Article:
I have long been fascinated by the work of Julia Morgan and Addison Mizner, two Bay Area architects who made an indelible mark on the architecture of California and Florida in the early twentieth century. Although there is no record that these two iconic architects ever met, they share a legacy of startling similarities (and some distinct differences).
Julia Morgan and Addison Mizner were both born in the Bay Area in 1872 and spent their formative years in Oakland and Benicia respectively. They both came from highly respected families of substantial means and social standing.
Julia Morgan was a feminist trailblazer who was the first woman to receive a degree in architecture at l’Ecole Beaux-Arts in Paris and the first woman architect to be licensed in the state of California. Julia Morgan’s design aesthetic was greatly influenced by her mentor, Bernard Maybeck, and by her exposure to European architecture as a student in Paris.
Addison Mizner, on the other hand, did not receive a formal education in architecture but became an apprentice and eventually a partner with a successful San Francisco architecture firm. Mizner traveled extensively in Europe, South America and the South Pacific during the early part of his career and incorporated these international influences into his designs.
1919 was a milestone year for both Julia Morgan and Addison Mizner. That was the year that Julia Morgan was introduced to William Randolph Hearst and began work on La Cuesta Encantada, better known as Hearst Castle, and Addison Mizner was introduced to Edward T. Stotesbury and began work on El Mirasol, a 37-room mansion in Palm Beach, Florida.
Both of these palatial and over-the-top homes combine Spanish, Italian, Mediterranean and Gothic influences in a manner that didn’t exist in American residential architecture at that time. It is remarkable that these two Bay Area architects, working on projects at opposite sides of the continent, came up with very similar design solutions that would change the face of high-end residential architecture for years to come. Morgan would develop and evolve this style throughout her career and Mizner would become famous for the Palm Beach style of architecture that he introduced with El Mirasol.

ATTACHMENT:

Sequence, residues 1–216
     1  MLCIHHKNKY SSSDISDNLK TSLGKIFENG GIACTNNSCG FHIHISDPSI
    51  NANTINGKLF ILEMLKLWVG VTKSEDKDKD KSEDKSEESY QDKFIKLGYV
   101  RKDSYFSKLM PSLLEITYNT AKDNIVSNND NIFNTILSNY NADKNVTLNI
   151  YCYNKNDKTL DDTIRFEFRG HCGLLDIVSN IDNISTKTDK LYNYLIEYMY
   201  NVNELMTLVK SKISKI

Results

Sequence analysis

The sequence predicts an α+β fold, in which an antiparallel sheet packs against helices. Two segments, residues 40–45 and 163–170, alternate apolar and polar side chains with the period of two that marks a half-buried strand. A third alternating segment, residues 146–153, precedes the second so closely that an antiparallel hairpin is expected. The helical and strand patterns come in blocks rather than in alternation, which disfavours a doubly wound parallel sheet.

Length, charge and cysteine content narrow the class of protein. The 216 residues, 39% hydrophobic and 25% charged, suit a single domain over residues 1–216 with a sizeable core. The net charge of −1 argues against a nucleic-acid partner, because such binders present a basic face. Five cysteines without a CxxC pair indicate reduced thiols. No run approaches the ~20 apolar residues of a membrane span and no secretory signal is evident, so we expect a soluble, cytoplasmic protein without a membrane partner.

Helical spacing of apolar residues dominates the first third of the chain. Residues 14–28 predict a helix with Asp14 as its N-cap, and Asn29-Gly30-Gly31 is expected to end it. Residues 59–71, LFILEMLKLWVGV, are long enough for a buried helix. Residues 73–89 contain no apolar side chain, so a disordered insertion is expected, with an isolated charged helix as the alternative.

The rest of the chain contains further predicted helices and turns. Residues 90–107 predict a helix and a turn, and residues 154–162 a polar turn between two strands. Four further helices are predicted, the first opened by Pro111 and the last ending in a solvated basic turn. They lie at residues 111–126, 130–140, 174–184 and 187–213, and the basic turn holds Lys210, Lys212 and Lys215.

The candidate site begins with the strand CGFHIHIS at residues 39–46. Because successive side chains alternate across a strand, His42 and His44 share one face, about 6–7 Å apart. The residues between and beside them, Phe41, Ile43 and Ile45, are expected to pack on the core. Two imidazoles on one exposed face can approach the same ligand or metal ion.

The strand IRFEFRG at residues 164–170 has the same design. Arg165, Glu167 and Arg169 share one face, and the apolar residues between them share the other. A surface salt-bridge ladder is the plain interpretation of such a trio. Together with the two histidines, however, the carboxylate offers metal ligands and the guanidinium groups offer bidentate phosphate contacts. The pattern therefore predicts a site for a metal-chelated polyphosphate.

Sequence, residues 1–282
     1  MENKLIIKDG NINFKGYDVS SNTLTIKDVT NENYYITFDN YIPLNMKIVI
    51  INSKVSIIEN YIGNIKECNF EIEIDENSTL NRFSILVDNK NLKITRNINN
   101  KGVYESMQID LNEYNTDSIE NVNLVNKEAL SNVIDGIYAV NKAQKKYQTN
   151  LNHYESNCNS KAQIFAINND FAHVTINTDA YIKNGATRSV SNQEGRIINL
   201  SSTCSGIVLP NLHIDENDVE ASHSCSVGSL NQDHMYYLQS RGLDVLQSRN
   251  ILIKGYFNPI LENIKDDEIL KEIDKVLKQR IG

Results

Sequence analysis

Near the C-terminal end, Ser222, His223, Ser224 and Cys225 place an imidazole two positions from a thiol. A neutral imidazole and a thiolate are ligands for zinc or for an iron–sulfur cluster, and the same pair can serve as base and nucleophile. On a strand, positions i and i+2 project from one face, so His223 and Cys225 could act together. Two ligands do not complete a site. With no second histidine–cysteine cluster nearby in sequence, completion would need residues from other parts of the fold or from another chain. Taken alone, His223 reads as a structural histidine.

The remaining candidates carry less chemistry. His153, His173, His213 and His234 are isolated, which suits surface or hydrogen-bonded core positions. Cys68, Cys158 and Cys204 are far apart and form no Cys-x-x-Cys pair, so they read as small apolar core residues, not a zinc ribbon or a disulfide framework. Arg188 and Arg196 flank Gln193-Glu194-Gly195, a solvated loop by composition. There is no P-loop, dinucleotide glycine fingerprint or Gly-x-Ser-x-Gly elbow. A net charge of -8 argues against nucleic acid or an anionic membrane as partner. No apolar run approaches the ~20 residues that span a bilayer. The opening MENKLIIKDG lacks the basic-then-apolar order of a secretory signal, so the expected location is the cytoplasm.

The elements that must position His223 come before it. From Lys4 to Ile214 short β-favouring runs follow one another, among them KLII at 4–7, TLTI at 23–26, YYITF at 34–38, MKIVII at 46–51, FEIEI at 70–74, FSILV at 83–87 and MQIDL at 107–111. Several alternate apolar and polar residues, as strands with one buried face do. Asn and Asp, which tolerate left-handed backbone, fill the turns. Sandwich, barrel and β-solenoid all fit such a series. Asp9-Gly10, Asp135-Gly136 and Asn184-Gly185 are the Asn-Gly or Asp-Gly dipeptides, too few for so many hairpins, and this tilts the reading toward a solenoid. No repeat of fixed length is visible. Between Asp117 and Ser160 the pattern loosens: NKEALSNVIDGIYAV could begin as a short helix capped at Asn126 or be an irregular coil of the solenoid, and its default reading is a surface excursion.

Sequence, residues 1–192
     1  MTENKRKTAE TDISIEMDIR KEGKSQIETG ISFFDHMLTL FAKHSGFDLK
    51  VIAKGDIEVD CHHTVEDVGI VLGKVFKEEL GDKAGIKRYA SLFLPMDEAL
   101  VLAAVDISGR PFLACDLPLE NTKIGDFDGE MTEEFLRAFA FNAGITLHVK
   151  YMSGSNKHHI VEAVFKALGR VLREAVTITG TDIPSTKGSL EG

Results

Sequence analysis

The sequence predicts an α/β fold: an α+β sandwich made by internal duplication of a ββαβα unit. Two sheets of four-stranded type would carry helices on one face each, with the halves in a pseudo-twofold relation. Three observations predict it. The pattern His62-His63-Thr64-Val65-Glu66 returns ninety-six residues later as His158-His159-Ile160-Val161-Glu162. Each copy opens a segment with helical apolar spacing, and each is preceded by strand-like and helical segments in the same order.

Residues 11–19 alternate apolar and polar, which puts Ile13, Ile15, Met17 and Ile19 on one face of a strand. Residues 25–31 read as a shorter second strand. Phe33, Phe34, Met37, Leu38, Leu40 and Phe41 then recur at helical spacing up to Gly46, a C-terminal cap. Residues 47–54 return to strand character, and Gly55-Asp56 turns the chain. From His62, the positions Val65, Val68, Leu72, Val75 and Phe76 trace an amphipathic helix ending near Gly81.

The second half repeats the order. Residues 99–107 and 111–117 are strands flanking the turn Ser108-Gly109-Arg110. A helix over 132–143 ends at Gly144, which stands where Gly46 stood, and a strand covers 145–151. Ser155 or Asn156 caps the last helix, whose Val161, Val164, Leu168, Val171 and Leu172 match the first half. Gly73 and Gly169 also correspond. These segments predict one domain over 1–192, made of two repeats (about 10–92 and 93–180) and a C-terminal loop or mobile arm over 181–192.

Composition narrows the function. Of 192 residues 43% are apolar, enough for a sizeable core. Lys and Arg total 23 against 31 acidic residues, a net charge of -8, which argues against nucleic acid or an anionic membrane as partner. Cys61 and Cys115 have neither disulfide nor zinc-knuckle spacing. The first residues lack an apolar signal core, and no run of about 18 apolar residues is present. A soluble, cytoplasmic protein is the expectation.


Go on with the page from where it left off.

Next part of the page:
The other similarity between Julia Morgan and Addison Mizner is that they are both assumed to be gay. Both of them had same-sex “companions” who played an important and yet discreet role in their lives. Neither of them opted to hide behind a marriage of convenience which was a courageous life choice for two such sought-after architects.
Julia Morgan would go on to have a prolific and successful career, leaving behind a rich legacy of buildings that have survived to the present. Addison Mizner reached incredible career heights but ultimately died broke and disgraced because of his involvement in the Boca Raton development scandal. He is remembered for the Palm Beach style he created even though there are very few of his buildings still standing. Those of you who saw the recent production of Stephen Sondheim’s “Road Show” at Theatre Rhinoceros got an entertaining introduction to Addison Mizner and his notorious brother, Wilson, who are the protagonists of the show.